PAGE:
Complaint Scams: How Business Owners Can Tackle Trolls

If you’ve been in business for a while, you’ll surely have faced backlash from dissatisfied customers or disgruntled former employees. Even the world’s largest companies struggle with negative reviews, fraudulent accusations and outright smear campaigns. And the abundance of online channels through which consumers and competitors can vent their frustrations has created a breeding ground for fraud.

But, even as a young entrepreneur with smaller start-ups, there are ways for you to triumph over the negativity. You can always keep pushing your business forward, even when you’re under attack. The first step is to believe in what you’re doing, and understand that attempts to bring you down are usually done because of your success, not in spite of it. Then it’s about assessing why you’re being attacked, and deciding the best way to handle each case.

In this article, I’ll explain why people conduct this kind of ‘complaint scam’ against your business, and what you can do to fight it. We’ll discuss how to build a powerful personal brand that you can leverage to protect your reputation for years to come.

Unfortunately, the internet is saturated with anonymously-run ‘forums’ on which users can post complaints about businesses. These websites are able to hide behind legislation in section 230 of the Communications Decency Act, which relieves them of any responsibility for content posted on their sites by third parties.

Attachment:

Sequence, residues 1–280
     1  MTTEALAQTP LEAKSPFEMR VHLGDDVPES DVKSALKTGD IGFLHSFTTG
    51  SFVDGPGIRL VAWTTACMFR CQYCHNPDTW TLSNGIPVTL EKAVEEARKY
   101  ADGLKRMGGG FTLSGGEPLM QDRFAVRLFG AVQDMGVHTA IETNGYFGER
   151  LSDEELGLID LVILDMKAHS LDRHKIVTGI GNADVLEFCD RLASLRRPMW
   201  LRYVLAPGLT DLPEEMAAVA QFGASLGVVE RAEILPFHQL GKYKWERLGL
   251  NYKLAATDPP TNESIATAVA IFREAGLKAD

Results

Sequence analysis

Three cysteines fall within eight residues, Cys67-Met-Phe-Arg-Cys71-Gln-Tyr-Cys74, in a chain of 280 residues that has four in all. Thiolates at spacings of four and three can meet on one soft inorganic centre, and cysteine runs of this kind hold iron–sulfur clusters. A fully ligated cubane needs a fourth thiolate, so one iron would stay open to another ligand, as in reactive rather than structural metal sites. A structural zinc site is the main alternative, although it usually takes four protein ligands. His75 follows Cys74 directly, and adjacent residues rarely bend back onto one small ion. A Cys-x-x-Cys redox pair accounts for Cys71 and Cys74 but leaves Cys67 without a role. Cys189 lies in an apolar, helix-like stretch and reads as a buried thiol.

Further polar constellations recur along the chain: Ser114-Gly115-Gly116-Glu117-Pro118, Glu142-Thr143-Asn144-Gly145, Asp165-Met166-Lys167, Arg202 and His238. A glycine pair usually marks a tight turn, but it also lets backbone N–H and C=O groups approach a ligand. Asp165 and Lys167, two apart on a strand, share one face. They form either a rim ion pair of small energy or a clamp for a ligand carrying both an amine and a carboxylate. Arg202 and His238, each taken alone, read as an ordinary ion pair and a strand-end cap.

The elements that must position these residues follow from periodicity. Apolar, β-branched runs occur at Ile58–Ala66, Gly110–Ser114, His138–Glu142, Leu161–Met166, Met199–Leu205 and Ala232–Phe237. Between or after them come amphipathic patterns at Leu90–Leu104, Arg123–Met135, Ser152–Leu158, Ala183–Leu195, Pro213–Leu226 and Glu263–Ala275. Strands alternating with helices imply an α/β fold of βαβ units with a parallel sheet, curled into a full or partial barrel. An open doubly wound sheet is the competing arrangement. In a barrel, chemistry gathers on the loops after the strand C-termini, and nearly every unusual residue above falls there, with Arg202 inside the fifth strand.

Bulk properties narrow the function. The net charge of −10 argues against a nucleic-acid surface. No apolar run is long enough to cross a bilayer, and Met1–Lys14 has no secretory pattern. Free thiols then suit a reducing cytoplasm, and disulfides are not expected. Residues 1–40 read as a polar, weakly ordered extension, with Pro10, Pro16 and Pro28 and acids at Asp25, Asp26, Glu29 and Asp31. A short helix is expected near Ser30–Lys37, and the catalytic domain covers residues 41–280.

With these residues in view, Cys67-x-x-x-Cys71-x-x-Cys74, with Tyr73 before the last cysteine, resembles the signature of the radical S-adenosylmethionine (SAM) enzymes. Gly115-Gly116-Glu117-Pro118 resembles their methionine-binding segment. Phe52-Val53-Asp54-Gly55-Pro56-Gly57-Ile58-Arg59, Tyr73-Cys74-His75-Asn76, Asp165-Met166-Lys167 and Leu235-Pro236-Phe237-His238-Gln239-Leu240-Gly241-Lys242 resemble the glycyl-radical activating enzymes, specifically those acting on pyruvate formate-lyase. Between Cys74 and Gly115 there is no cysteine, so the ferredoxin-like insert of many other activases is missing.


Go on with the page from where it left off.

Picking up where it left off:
But by understanding the mentality of these fraudsters, and by knowing what you can do to protect yourself from scams, your business won’t have to suffer.

 

So why exactly do people post defamatory articles online about businesses and business owners?

When is it fair comment, and when is it a scam?

 

Competition

Representatives of competing businesses sometimes turn to fraud as a means to smear their competitors. Negative reviews can damage a business’s capacity to hire top talent, attain new customers and secure new trading partners. So it’s easy to see why a competitor would post, or commission an individual to post, defamatory content about a competing business. Particularly when they consider it a serious threat.

In some industries, data thieves can leave an organization with enough insights to set up their own competing venture. In these cases, they can attempt to gain the upper hand by posting defamatory content about their former employer. This is a particularly dishonourable way to do business, but it’s something that I have been unfortunate enough to encounter.

 

Extortion

Some internet trolls are audacious enough to demand payment in exchange for removing defamatory content that they’ve published about your business. Our companies have been presented with this scam on numerous occasions. But relenting to these scammers only increases the odds that you will be held hostage by the same person again in the future.

The unfortunate truth is that many consumer complaint sites themselves use negative reviews and fraudulent complaints as an earning tool. RipoffReport, for example, has a ‘Corporate Advocacy Program’ in which reviews are updated with mitigating statements in exchange for payment. Other sites will remove reviews completely if a ‘third-party’ panel agrees that the company was subject to a scam. Naturally, they charge a fee for this service.

 

Revenge